- Before my current newsroom switched to Parse.ly, I used another another platform (its largest competitor), and there were things I miss from that platform. This may be more perception than reality. But with the other platform, I felt like I was getting more real-time, live data. I felt like I could see the number of people who were currently, at that very moment, on the page. While using Parse.ly, I feel like I'm seeing a count of people who visit the page over a set period of time.
- Retention is also very important to me. When looking at the dashboard on a different platform, I could see not only how many people were on the page at any given time, but also how long they were staying on average. Again, this information felt like it was being offered in real time, and it was right on the dashboard. With Parse.ly, it seems I have to click on the actual article to get that information.
- Gives author insight on specific traffic numbers for stories.
- Uses a simple format that is easily understandable.
- I would like to be able to breakdown stories by category or subject, not just author.
- When there are errors in the tracking, which isn't often, you miss out on crucial date for certain days or times.
- The way it breaks down the traffic on the last 10 minutes is super quick.
- Browsing Parse.ly is very easy in general.
- The e-mails on strategy are actually useful.
- It did take us a while to find where we can see our longform articles that are hosted outside our website (on Atavist, for example).
- There are posts from 2-3 years ago that don't have the numbers they originally did. In some cases, the numbers Parse.ly displays are way, way lower that what it had counted back then.
- Showing if they found our story from social media platforms or from going to our site directly gives us an idea of the kind of reach we have across social media.
- Seeing the "dwell time" gives us an idea of why readers spend longer in stories than others, is there a video? interesting pictures? an informational graphic?
- I think seeing what story readers click on next helps to see what interests them and if they care about a particular topic or not.
- I would like to see where in the world our readers come from - Right now it's not too specific.
- I would like to see what stories they were reading before they got to the one in question - Right now it isn't too specific.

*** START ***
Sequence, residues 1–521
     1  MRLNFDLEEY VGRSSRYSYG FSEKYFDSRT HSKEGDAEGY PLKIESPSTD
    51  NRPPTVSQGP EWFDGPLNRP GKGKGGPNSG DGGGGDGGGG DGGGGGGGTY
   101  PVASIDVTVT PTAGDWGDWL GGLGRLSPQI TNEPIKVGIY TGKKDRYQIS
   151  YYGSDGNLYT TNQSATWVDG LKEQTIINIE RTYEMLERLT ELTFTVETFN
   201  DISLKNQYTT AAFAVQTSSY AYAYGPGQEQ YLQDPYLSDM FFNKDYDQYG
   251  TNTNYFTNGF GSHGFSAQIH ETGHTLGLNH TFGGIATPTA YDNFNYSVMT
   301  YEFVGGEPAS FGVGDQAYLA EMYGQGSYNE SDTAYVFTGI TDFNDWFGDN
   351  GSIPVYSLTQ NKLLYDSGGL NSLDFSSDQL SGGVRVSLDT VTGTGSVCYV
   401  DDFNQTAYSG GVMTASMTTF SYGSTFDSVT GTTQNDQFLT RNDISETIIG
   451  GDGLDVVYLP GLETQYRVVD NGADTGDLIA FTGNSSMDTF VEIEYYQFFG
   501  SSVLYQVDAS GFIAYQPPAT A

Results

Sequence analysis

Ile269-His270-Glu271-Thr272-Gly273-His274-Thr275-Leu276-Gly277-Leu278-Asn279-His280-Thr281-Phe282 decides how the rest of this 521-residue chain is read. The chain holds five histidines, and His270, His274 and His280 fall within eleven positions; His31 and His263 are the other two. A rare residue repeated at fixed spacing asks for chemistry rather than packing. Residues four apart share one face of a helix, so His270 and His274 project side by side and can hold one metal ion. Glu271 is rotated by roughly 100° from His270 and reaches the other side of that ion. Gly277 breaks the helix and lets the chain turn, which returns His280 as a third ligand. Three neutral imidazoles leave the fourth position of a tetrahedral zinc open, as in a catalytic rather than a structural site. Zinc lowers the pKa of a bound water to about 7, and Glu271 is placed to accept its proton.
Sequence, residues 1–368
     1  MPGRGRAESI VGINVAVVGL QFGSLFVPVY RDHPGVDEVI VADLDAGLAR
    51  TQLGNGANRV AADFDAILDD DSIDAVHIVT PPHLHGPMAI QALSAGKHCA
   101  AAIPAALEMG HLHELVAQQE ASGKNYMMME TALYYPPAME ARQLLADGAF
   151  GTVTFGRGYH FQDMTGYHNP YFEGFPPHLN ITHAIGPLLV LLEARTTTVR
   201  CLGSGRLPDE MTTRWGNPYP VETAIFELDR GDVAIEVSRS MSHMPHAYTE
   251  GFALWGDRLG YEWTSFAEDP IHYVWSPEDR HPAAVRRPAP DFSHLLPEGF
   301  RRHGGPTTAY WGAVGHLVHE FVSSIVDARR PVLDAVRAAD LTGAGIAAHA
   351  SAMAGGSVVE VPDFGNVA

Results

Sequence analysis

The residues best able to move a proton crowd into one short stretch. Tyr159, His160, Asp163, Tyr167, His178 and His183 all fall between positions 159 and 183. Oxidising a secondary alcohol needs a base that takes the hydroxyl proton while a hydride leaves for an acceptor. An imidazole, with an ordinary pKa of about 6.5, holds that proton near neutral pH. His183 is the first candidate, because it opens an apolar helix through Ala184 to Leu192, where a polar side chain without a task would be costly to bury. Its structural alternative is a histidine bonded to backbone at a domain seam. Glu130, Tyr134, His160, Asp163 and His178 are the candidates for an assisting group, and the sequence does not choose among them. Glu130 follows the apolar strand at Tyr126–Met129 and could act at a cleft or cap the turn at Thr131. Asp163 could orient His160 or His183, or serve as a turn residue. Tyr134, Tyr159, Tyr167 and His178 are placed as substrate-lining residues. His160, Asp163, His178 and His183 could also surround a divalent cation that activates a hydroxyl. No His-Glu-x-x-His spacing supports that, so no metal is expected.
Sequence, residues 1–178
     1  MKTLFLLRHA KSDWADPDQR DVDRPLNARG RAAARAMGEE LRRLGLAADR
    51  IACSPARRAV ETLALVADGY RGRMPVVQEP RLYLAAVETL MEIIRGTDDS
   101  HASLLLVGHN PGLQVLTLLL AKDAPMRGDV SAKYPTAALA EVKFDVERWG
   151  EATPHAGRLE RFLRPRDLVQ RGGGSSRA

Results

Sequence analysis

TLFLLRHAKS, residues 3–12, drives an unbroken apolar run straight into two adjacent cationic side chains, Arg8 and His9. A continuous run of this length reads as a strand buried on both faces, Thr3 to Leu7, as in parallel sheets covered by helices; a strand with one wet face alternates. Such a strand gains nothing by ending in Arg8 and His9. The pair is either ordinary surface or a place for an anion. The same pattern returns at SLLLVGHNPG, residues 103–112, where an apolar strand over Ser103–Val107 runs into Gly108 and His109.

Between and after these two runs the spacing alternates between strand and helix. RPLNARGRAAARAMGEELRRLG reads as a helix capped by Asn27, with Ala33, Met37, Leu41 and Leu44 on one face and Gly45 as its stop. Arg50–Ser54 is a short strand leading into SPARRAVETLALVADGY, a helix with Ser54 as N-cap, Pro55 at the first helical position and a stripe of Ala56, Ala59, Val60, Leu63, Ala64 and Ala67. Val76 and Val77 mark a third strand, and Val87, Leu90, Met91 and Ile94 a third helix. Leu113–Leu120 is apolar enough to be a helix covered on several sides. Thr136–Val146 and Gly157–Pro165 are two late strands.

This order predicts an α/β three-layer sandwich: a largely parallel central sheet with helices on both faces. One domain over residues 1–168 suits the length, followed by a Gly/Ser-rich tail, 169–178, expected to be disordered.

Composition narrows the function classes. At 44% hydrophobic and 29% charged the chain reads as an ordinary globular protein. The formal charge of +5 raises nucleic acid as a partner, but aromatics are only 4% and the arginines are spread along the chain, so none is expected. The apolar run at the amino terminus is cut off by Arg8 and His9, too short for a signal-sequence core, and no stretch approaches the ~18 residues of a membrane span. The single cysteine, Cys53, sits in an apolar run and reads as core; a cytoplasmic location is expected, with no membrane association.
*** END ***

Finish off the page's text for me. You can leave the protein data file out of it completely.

- I would like to see the traffic for individuals to be included in stories that are shared bylines.
- Track reader usage habits and trends.
- Measure time spent on site and the sources of traffic those visitors came from.
- Honestly, it's pretty close to everything I expected from it. Perhaps the search function could be a bit more robust.
In-depth manipulation of data - less appropriate.
Upgrade for more than 12 months of data is disappointing.
- Data visualization of high-level site performance metrics
- Simple interface reduces the complexity and hurdle to understand digital analytics
- Easy to view top-performing content and content categories
- Daily histogram view not always the best view when looking at historical performance
- Not the best platform to use when comparatively analyzing historical performance
- I would love to see month over month or week over week performance vs only daily performance histogram chart
Parse.ly Scorecard Summary
Parse.ly is an analytics platform built for content and designed with the belief that the most successful companies are the ones with the best content. Winning in the digital content world, though, isn't easy. You need to create feedback loops and listen, though data, to what your audience is telling you.
With 30 unique attention metrics, subscriber tracking, and audience segmentation, content creators, analysts, editors, marketers and communications professionals can use Parse.ly to:
Grow their business and improve key metrics like reader engagement, conversions, and retention through data-driven insights.
Act on immediate real-time audience insights or analyze historical data to get a clear picture of the past and plan for the future.
With a built-in personalization platform product teams can use Parse.ly to create dynamic content experiences powered by data and personalized by user on their website and in their CMS or WCM.
With our data pipeline platform data scientists and engineers can use our enriched clickstream data to spend less time on data infrastructure and more time on data analysis and insights.
Parse.ly works with 300+ enterprise companies using their trusted data infrastructure:
The #4 most widely installed premium web technology on high-traffic sites (according to BuiltWith).
Parse.ly is used by leading media and entertainment companies, DTC brands, Fortune 500 companies, B2B enterprise companies, and anyone who believes content can move their business forward.
Visit https://parsely.wistia.com/medias/tbv33sc8sh to watch Parse.ly video.
- Has featureFree Trial Available?Yes
- Does not have featureFree or Freemium Version Available?No
- Has featurePremium Consulting/Integration Services Available?Yes
- Entry-level set up fee?Required